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Wednesday, 17 June 2009 19:26

Haywood passes budget that includes tax hike

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After months of struggling to solve a $7 million budget shortfall, Haywood County commissioners voted 3 to 2 Monday night (June 15) to raise property taxes by 1.7 cents in lieu of more severe cuts to county workers.

The two commissioners who dissented gave different reasons for their vote: one opposed any tax increase while the other thought taxes might need to be raised even more. Commissioners Mark Swanger, Bill Upton and Kirk Kirkpatrick voted for the budget and associated tax increase. The county’s new tax rate will be 51.4 cents. The increase amounts to an extra $42 a year on a $250,000 home.

Commissioner Kevin Ensley, the lone commissioner opposed to the tax increase, said there was no easy answer to solve the budget shortfall. But ultimately, he believes county government should do what a business does when income dries up.

“In private business we have to cut expenses to the level of operating revenues,” said Ensley, who owns a surveying company and has seen his revenue cut in half by the recession. “As a business owner maybe I am more acclimated to making cuts.”

Ensley suggested furloughs and shortened work weeks for more county employees instead of raising taxes.

Meanwhile, Commissioner Skeeter Curtis voted against the budget because he felt the cuts were too deep and perhaps taxes should be raised more instead.

“Are we increasing the tax enough or are we going to have to hit it harder next year?” Curtis said. “If times continue to go bad, we’ve got no other cuts to make.”

The bare bones operation in the current budget will come back to haunt the county, Curtis said. Whether its deferring the purchase of computer software or replacing roofs on buildings, it will pile up in the laps of future commissioners to deal with, he said. Curtis partly blamed past boards of commissioners for today’s budget crunch. They kept the tax rate artificially low by dipping into the county’s savings, leaving the current board with little options, Curtis said.

Curtis also said county workers are suffering too much of a blow. The county is reducing its workforce by 32 employees. Thanks to early retirement and natural attrition, the county has already eliminated the lion’s share of those jobs, leaving only seven people that actually have to be let go. Another 11 employees will be cut to a 36 hour work week.

Curtis’ larger concern was the decrease to county benefits, namely a suspension of retirement contributions and reduction in health insurance benefits.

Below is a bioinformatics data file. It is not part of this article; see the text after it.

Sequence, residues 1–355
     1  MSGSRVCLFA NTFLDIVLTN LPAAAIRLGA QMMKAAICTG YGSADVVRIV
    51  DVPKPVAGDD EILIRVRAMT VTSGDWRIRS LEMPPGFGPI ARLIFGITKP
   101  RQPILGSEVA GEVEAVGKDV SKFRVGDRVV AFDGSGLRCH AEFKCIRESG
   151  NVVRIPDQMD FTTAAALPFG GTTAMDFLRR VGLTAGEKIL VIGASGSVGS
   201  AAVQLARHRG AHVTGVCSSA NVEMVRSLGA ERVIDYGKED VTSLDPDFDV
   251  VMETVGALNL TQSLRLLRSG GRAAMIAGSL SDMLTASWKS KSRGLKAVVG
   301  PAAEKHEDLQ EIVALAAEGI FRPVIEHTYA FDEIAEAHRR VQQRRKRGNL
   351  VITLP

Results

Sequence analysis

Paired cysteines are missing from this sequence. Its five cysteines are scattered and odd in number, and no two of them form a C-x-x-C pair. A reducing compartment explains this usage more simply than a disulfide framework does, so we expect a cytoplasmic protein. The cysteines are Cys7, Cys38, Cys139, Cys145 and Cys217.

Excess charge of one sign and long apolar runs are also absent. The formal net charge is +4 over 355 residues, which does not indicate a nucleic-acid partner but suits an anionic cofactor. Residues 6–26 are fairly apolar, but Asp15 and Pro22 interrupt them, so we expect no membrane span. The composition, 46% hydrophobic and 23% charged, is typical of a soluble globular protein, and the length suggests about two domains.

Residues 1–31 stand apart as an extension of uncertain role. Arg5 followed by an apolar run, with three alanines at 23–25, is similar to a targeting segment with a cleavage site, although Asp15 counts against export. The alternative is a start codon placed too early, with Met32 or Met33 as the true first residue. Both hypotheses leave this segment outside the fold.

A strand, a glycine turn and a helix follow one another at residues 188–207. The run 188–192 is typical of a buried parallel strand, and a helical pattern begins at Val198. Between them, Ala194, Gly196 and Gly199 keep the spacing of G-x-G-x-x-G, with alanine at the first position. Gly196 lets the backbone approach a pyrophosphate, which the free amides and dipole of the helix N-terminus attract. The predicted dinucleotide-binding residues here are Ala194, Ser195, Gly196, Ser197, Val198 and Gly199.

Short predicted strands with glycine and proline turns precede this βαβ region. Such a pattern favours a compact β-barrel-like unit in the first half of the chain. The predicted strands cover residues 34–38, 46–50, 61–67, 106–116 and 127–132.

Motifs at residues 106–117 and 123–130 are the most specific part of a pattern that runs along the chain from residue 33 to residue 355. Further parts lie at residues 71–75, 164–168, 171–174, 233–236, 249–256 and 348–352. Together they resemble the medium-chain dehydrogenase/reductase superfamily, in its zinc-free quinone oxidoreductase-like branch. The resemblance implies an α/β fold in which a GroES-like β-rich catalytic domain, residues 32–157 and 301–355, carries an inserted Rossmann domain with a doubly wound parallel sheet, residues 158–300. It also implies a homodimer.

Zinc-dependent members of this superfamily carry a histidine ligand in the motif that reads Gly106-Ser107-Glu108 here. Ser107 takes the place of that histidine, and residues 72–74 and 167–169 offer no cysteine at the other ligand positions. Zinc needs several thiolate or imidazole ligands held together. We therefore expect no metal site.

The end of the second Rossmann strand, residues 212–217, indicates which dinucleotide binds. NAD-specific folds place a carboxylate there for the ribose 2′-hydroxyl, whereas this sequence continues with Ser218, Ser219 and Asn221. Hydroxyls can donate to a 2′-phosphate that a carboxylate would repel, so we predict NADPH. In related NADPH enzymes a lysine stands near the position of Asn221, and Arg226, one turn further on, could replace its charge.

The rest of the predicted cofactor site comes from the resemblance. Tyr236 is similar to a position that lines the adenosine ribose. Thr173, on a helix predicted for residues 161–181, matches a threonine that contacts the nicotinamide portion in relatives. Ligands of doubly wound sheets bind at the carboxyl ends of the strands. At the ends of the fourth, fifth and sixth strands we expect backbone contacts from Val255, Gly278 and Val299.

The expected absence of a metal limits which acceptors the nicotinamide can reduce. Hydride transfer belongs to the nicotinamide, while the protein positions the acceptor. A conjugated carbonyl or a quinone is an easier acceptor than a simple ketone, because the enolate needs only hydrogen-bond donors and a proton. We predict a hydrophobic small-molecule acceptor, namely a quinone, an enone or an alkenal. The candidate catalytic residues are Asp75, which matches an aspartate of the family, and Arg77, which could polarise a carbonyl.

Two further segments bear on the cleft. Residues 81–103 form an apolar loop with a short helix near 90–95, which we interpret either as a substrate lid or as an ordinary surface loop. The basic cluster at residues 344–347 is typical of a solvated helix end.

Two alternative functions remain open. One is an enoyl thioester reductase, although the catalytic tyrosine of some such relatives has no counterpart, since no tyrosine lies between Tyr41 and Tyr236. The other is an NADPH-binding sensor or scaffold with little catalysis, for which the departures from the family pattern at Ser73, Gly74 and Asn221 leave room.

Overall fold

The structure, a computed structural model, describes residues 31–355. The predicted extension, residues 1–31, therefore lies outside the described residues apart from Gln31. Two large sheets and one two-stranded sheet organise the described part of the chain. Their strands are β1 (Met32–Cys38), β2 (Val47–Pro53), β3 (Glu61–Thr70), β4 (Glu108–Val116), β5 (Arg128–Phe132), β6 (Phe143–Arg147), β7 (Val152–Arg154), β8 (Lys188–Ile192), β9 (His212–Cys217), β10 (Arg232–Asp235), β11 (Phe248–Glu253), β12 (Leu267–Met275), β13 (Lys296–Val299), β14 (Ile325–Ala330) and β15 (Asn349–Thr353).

County employees will see their deductibles and out-of-pocket maximums skyrocket. Curtis questioned how some county employees will afford it, citing some who earn only $20,000 a year.

“I don’t know how in the world if you are making $20,000 a year you are going to afford an increase in your deductible going up from $900 to $3,000 a year for a family,” Curtis said. “How do these people survive?”

Commissioner Mark Swanger, who voted for the budget, said it went against his principles but had to be done.

“I have always opposed tax increases, but again, circumstances demand in the absence of an acceptable alternative that I vote in a manner that is in the best interest of our county,” Swanger said.

Swanger said the county made many difficult cuts to get this far, from no increase in teacher supplements this year to a total elimination of contributions to non-profits, be it programs for the elderly or Folkmoot.

Commissioner Bill Upton said there were simply no more places to cut.

“We don’t need to go in our budget and find more positions to cut,” Upton said.

The budget process has seen a high level of public input, with many residents turning out to voice their opinions any time commissioners convened. Opponents even pitched in to comb the county budget for more places to cut in lieu of the tax hike.

The county enacted temporary measures over the past six months to make ends meet. Those included a hiring freeze, furloughs, a shortened workweek and suspended benefits. Some employees that have been operating on furloughs and shortened workweeks will return to normal hours with the enactment of the new budget.

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